“I am so incredibly excited to host this years rally,” said Eilers a junior at Centerville High School. “The message of this year’s theme, ‘We Believe, We Persist, and We Prevent,’ has honestly been my prevention mantra. It’s so incredible to be able to host this year because of how life changing last year’s rally was. Being able to see over 2,000 students, just like me, fighting for the same things as me, was amazing. The turnout always gives me hope for the future of my generation.”
Organizers say continuing with the virtual event was important for the health and wellness of young people everywhere.
MORE: Kettering nonprofits helping community during coronavirus outbreak
The heart of the We Are the Majority Rally is celebrating the healthy choices young people make and encouraging them and their peers to continue making healthy choices, said Marcie Seidel, executive director of Prevention Action Alliance.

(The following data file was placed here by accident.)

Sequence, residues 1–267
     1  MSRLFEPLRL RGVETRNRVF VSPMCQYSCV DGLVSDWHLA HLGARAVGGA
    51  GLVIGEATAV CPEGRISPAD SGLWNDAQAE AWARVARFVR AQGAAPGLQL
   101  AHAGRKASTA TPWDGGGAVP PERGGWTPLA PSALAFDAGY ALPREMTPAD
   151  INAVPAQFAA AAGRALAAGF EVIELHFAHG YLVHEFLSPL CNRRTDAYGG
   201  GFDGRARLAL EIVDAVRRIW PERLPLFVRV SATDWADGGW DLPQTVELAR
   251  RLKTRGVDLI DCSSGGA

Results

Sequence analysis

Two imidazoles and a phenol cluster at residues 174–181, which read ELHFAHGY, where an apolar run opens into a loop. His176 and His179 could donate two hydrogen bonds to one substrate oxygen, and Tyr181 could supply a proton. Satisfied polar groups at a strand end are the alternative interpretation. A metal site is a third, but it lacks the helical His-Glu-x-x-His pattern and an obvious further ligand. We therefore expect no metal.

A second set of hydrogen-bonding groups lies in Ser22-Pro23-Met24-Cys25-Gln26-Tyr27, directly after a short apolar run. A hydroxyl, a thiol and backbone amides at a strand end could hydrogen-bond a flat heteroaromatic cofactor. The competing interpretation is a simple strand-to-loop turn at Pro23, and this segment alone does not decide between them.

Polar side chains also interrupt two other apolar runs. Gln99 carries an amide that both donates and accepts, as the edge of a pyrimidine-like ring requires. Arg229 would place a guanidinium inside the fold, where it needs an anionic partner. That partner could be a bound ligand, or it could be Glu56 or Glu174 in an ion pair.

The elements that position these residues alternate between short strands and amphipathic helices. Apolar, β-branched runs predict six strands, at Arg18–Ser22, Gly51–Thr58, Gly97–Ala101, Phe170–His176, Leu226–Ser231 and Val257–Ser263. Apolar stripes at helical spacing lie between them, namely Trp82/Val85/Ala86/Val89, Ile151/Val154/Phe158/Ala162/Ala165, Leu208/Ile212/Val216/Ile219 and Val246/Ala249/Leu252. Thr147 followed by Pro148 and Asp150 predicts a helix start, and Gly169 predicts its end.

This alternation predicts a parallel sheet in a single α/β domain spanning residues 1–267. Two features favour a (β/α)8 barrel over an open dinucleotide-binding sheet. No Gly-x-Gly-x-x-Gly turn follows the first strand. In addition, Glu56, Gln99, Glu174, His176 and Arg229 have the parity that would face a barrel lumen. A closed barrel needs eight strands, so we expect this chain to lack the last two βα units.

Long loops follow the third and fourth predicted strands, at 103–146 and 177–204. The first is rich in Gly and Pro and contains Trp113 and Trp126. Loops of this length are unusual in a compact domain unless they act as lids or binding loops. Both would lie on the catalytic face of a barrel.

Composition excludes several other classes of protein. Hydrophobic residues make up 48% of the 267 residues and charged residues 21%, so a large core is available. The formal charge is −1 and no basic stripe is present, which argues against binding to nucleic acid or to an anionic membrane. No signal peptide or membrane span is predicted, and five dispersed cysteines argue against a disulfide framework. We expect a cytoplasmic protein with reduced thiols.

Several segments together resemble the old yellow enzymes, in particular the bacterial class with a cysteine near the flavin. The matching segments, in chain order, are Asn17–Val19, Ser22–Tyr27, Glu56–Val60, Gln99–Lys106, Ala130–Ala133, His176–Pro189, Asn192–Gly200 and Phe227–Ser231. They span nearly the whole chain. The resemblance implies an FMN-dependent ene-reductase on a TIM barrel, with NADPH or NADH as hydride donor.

“Now, as teens face heightened fear, anxiety, stress and isolation, they need to hear this encouragement more than ever,” Seidel said.
She added that the coronavirus pandemic is worsening mental health issues by increasing or creating isolation, fear, anxiety and stress.
“Having this rally brings together young people, gives them an online opportunity to socialize with each other and shares with them coping skills and strategies that they can use to protect themselves and their mental well-being,” Seidel said.
The rally is hosted by Prevention Action Alliance through its Ohio Youth-Led Prevention Network. It is sponsored by the Ohio Department of Mental Health & Addiction Services and supported by RecoveryOhio.
“We are thrilled to be a part of the virtual rally,” said OhioMHAS Director Lori Criss. “With schools being closed and extracurricular events cancelled amid the coronavirus pandemic, many young people are experiencing sadness, fear and isolation. This rally will connect young people with their peers, spread a message of positivity and serve as a reminder that we’re all in this together.”
MORE: Rise in overdose deaths spurs addiction services expansion in Dayton area